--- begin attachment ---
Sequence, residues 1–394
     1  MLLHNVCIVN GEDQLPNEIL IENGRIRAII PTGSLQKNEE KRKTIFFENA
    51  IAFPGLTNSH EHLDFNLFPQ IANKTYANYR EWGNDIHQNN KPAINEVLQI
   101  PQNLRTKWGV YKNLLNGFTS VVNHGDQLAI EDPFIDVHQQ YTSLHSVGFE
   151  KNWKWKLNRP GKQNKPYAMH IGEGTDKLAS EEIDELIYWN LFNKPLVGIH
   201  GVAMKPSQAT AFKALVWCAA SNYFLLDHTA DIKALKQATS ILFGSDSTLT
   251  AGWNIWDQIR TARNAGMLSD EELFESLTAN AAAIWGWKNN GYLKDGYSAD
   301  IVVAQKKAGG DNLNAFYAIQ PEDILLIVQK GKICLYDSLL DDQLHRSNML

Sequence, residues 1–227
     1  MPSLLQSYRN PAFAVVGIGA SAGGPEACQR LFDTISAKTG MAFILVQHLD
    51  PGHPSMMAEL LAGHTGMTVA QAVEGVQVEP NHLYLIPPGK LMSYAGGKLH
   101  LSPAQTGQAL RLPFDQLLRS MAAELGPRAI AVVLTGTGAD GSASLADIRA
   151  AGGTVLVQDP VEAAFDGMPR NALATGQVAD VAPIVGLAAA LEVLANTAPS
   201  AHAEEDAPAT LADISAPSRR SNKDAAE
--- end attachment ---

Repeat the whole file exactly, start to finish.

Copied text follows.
Sequence, residues 1–394
     1  MLLHNVCIVN GEDQLPNEIL IENGRIRAII PTGSLQKNEE KRKTIFFENA
    51  IAFPGLTNSH EHLDFNLFPQ IANKTYANYR EWGNDIHQNN KPAINEVLQI
   101  PQNLRTKWGV YKNLLNGFTS VVNHGDQLAI EDPFIDVHQQ YTSLHSVGFE
   151  KNWKWKLNRP GKQNKPYAMH IGEGTDKLAS EEIDELIYWN LFNKPLVGIH
   201  GVAMKPSQAT AFKALVWCAA SNYFLLDHTA DIKALKQATS ILFGSDSTLT
   251  AGWNIWDQIR TARNAGMLSD EELFESLTAN AAAIWGWKNN GYLKDGYSAD
   301  IVVAQKKAGG DNLNAFYAIQ PEDILLIVQK GKICLYDSLL DDQLHRSNML

Sequence, residues 1–227
     1  MPSLLQSYRN PAFAVVGIGA SAGGPEACQR LFDTISAKTG MAFILVQHLD
    51  PGHPSMMAEL LAGHTGMTVA QAVEGVQVEP NHLYLIPPGK LMSYAGGKLH
   101  LSPAQTGQAL RLPFDQLLRS MAAELGPRAI AVVLTGTGAD GSASLADIRA
   151  AGGTVLVQDP VEAAFDGMPR NALATGQVAD VAPIVGLAAA LEVLANTAPS
   201  AHAEEDAPAT LADISAPSRR SNKDAAE